As long as states try to push discriminatory laws that prohibit anyone without an ID from voting, groups like the Hip Hop Caucus will push back.
On Sunday, the “Respect My Vote!” Town Hall, presented by Hip Hop Caucus, BET and the Election Protection Coalition, aimed to inform its audience at Charlotte School of Law and thousands watching online about voter-suppression tactics and how to organize voter turnout in November.
Local Grammy-winning poet Bluz set a solemn tone for the assembly, opening with a spoken word piece about the historic struggle in the black community for voting rights. He included a vignette about the pride his grandfather felt the first time he voted.
Host No Limit Larry of WPEG said the purpose of the event was to mobilize young voters and fight back against voter I.D. laws that have plagued states including Arizona, Oklahoma, Colorado and Virginia, among others, in recent years. Federal judges recently blocked Texas from passing voter-ID laws.
If they had existed in every state in 2008, Obama wouldn't have gained the 5.5 million ID-less black Americans who sided with him.
Barbara Arwine of the Lawyers Committee for Civil Rights explained the urgency for the Respect My Vote movement with some alarming statistics. Twenty-five percent of voting age black Americans do not have a government-issued photo ID. Out of 3.8 million newly registered black voters in 2008, 60 percent will have to re-register for this election due to new laws. And 1.3 million black voters were purged from voter rolls in Ohio, a key battleground state in this year’s presidential race.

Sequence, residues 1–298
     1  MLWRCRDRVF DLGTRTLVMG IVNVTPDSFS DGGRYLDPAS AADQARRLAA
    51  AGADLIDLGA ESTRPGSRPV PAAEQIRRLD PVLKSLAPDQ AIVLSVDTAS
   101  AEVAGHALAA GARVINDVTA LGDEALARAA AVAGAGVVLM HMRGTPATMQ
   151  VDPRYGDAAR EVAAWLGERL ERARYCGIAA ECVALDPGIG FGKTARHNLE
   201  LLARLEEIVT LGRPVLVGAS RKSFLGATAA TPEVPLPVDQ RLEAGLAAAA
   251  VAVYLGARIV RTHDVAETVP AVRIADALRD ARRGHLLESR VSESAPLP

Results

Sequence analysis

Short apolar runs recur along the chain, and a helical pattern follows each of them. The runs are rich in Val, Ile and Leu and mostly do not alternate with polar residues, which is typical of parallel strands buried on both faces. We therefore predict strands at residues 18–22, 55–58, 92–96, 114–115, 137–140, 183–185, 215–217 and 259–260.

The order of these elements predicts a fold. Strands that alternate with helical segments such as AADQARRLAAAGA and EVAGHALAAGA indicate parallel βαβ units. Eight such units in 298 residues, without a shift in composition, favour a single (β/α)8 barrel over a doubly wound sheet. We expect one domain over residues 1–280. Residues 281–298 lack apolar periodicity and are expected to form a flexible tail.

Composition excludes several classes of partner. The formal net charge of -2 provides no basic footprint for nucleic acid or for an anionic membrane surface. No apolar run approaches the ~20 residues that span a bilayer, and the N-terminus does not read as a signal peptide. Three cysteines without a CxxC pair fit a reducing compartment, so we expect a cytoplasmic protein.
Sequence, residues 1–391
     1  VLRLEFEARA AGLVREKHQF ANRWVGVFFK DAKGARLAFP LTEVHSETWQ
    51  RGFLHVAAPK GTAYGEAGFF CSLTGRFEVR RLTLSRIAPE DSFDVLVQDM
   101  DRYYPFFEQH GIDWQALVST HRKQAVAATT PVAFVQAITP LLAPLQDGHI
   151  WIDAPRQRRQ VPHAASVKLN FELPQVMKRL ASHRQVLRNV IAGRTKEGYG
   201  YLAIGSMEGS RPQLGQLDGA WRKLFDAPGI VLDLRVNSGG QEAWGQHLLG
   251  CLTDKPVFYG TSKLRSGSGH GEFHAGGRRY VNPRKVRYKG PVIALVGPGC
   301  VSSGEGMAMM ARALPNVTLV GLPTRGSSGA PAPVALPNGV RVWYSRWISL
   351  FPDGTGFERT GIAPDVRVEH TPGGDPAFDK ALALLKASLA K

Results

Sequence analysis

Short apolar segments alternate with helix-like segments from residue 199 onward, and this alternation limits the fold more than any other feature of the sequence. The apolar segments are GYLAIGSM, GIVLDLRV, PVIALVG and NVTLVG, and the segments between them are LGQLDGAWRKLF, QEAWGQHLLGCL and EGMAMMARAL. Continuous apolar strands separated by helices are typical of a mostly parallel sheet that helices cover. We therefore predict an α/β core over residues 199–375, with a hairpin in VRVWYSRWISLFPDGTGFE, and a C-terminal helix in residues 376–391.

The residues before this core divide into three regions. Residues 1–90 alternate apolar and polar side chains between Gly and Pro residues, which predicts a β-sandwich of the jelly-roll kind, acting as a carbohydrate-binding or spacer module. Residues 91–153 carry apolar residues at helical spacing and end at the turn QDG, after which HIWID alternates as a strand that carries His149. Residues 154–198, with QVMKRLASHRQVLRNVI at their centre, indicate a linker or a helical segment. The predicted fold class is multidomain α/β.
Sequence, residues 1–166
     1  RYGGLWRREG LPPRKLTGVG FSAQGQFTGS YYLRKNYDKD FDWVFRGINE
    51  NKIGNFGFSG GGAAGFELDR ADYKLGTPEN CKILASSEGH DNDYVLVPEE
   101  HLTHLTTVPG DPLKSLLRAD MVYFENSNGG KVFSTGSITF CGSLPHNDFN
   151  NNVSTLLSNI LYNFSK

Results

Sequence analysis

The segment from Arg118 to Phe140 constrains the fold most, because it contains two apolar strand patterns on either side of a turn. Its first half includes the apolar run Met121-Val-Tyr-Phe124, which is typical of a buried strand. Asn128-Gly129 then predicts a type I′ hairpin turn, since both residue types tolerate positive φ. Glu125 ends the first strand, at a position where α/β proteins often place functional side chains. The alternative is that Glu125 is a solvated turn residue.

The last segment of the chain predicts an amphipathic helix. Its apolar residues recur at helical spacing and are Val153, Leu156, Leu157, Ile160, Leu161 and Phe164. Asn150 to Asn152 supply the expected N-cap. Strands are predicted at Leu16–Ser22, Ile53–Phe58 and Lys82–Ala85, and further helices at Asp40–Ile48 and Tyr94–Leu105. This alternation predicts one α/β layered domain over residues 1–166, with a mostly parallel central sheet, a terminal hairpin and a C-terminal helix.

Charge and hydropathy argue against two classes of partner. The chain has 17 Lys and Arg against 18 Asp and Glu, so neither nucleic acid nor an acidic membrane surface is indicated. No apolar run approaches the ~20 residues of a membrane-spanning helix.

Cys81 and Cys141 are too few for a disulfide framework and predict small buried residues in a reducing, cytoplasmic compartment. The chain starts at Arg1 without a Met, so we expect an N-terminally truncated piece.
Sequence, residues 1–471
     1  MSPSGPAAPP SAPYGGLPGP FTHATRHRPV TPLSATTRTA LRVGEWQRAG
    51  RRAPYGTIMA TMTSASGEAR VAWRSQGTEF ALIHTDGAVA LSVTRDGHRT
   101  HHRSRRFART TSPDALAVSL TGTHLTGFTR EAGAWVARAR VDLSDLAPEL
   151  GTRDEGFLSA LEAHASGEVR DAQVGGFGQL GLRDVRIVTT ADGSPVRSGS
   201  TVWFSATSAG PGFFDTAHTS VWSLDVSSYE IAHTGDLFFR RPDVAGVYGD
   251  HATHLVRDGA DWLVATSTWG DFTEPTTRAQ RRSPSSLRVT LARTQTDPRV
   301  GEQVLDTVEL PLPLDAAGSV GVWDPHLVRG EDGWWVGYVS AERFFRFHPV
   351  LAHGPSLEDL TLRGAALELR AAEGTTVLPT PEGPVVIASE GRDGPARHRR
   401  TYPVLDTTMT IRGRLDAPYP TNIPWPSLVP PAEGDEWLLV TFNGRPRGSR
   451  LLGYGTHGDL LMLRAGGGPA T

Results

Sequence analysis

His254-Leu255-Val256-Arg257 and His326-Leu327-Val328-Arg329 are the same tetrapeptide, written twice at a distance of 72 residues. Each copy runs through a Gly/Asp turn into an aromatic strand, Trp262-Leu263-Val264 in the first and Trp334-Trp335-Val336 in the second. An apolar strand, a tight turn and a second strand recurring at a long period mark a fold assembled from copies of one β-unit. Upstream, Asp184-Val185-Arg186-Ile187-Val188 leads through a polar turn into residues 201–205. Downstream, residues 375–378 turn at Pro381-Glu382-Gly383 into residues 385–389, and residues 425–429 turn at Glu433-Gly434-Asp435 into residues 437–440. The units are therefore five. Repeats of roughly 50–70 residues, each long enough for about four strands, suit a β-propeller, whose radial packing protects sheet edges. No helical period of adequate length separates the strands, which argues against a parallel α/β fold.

Arwine also outlined some of the schemes used by the private sector in what she calls “The War On Voting,” such as deceptive flyers and robocalls giving misinformation to people in urban communities and harassment at the polls of young people and minorities, widely reported in 2010.
“In any war, you can only win if you fight,” she said.
The Lawyers Committee has already started the fight by winning lawsuits it has against five out of 10 states that passed such laws. The organization is asking for volunteers to monitor polling places around the country this November and report voter harassment to Election Protection at 866ourvote.org.
The panel also included author and former congressonal candidate Kevin Powell, who called on young people to be as informed about politics as they are about entertainment. Powell urged the audience to learn about civil-rights issues of today, including immigration reform and same-sex marriage.
Rev. Lennox Yearwood, president of the non-partisan Hip Hop Caucus, closed the panel by sharing with the audience his personal story of being beaten by police in the Halls of Congress at a 2007 protest. His speech hammered home the event’s message: Educate yourself, and raise your voice.
“If you don’t have the knowledge, your voice doesn’t matter,” Yearwood said. “And we need every voice.”
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